Welcome back to our PC Build review feature after a short break we took due to E3. Today we have our review of one of Antec’s premium gaming cases, the Eleven Hundred. This case offers many options for gamers and enthusiasts and certainly will not break the bank.

Antec, as many of you may know, is an extremely reliable, long-running manufacturer of PC products. Their line ranges from cases, to watercoolers and to power supplies. The company has been running over twenty five years, and their expertise is shown in their flexible, high quality products. The Eleven Hundred is one of their premium offerings, with support for many kinds of motherboards, while still fitting in a mid-tower size format.

The case weighs twenty pounds and is 21 inches high, times 9.5 inches wide, times 22 inches long. Produced using a steel construction, the case is extremely durable, solidly built and arrived perfectly without the slightest amount of damage to us. The case stands on plastic feet, which means you will be able to mount your power supply downwards should you choose to do so. The power supply area also houses a fan filter in this position, to allow use as an intake from the bottom and exhaust from the rear.

This case supports XL-ATX, ATX, Micro-ATX and Mini-ITX and contains a whopping nine PCI expansion slots. The case can accommodate graphics cards up to 13″ (33cm) in length and allows seven 120mm fans to be installed, in addition to the 120mm rear exhaust and 200mm top exhaust already present in the package. The three 5.25″ (optical) tool-less expansion bays, two 2.5″ (SSD) dedicated drive bays and six 3.5″ (HDD) tool-less drive rails provide an enormous amount of space for upgrading your rig in the future. The drives mount using very sturdy drive rails, which do not detach when pulled from the middle (even with force) but do detach easily when pulled from the ends (as a design feature). The drive rails are very simply to use and are effective, however, you do have to option of securing the drive using a single screw if you feel it is more secure to do so. I trust the tool-less rails, however, I myself would be one who would screw in the screw just for the added security.

One of the unique features this case offers is around the CPU cut-out area. The cut-out is huge and provides ample space for almost any setup, however, there is an additional opportunity explored by Antec behind the CPU. This area features the ability to mount an additional 120mm case fan behind the CPU cutout, which can be used as an intake – to blow cool air on the back of the motherboard (directly behind the CPU for extra cooling) – or as an exhaust to expel hot air from the case.

On the topic of case fans, the case allows you to add two fans to the front of the case, to the right of the hard drive mounting area (recommended as an intake), in addition to two fans to the left of the hard drive mounting area. One of the interesting ideas I was wondering was the idea of mounting a closed loop watercooler (such as the Seidon 240M) to the left of the hard drives – as the cool air being taken in from the front of the case would cool the cooler. Two case fans can additionally be mounted directly on to the window of the case, which then blow directly on to your GPU for excellent additional cooling options.

Cable management options are also abundant in the Eleven Hundred. The case has grommet-lined holes through which the cables can be fed, in addition to almost an inch and a half of space behind the motherboard for cable routing. It is clear that people who like to keep their rigs tidy and cable mess free are fully supported with the Eleven Hundred.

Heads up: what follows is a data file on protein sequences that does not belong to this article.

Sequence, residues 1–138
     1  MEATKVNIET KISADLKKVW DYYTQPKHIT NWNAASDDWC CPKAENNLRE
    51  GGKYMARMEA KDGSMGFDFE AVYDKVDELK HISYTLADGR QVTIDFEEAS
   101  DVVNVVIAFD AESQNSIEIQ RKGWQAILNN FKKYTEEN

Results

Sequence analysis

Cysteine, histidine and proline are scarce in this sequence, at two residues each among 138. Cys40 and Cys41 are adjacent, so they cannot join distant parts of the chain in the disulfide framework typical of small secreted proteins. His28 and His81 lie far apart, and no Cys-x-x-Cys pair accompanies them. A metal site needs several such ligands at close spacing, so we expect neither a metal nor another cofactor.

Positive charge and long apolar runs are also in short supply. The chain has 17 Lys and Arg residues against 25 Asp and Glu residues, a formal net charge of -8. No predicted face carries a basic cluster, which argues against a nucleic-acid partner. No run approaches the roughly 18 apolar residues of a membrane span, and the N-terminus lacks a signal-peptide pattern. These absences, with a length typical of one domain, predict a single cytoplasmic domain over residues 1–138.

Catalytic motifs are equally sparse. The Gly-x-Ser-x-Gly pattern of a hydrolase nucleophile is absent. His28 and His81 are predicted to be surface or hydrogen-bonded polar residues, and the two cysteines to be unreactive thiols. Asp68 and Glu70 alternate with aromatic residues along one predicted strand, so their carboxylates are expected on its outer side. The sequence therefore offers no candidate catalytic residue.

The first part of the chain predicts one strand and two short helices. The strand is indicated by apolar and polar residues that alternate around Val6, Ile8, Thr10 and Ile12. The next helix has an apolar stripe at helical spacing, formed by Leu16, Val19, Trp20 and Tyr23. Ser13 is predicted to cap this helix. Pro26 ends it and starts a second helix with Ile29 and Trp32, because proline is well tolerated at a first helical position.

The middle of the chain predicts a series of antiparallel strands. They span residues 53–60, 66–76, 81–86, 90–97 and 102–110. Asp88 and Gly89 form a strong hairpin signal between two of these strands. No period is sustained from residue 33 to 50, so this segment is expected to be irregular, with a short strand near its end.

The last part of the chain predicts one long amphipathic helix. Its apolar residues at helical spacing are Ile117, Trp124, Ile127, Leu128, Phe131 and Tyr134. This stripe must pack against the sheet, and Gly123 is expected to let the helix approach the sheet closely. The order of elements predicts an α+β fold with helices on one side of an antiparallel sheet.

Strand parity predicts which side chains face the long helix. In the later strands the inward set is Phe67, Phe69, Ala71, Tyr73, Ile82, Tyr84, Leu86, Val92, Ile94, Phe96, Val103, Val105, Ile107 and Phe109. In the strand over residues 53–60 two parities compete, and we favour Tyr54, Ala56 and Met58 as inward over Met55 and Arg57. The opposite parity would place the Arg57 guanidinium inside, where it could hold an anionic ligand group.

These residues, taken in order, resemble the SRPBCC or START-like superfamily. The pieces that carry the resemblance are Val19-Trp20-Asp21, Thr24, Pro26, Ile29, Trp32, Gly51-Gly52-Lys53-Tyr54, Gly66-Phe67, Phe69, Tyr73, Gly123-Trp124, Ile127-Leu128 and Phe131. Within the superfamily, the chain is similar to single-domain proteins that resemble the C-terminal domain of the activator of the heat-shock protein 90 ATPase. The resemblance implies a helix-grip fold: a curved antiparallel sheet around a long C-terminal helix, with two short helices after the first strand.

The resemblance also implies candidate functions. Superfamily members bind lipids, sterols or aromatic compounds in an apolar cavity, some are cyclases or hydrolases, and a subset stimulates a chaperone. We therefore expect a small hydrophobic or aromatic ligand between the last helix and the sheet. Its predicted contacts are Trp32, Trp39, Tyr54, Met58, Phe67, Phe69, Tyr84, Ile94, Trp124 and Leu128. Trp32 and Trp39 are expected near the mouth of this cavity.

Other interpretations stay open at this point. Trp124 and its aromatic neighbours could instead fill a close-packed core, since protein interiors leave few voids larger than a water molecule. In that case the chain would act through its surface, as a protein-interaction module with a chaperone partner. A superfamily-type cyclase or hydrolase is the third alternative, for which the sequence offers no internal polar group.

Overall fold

Now, to speak quickly about the front panel connectors. Antec is offering backwards compatibility for motherboard with the case, offering two USB2.0 ports, however, they are also offering two USB3.0 ports – directly wired using the motherboard header, rather than two pass-through cables, so, the ports can be directly connected to the motherboard rather than the mess affair of bringing them out the back of your case such as some of the cheaper cases have done in the past. The front panel audio is also housed beside the ports, with the power and reset switches being located on the top of the unit.

Overall, the Antec Eleven Hundred is a fantastic gaming case, considering it is available at about £90, €100 and, for US readers, $100 on Newegg. The great window cooling, huge number of drive mounting options, large CPU cutout and additional fan mounting area and the quiet, effective included fans all make the case a great buy, but what do we not like about the case?

The case is a bit restrictive for watercooling setups. While a single 120mm radiator setup will work, a 240mm radiator will require a bit more work to outfit inside the case. Unfortunately, while the left of the drives would be a perfect location, this makes it more difficult to deal with cable management, and the bottom two holes would become more or less blocked off. The top 200mm fan stops a radiator being mounted in the top, and a radiator would be very difficult to fit in the front of the case. While you could get a 240mm radiator and fan setup in there if you spent some time, it would be nice if Antec could have provided an easier solution, however, for the price, you can’t expect a lot more than what they have given.

Thanks for reading our review of the Antec Eleven Hundred – stick with us as we will be bringing you more and more PC build reviews as we go through June and July. We will be preparing our actual build very soon (using this case!) and we’ll have more details to share on that in the coming week. For now, keep watching as we prepare our latest PC and game reviews!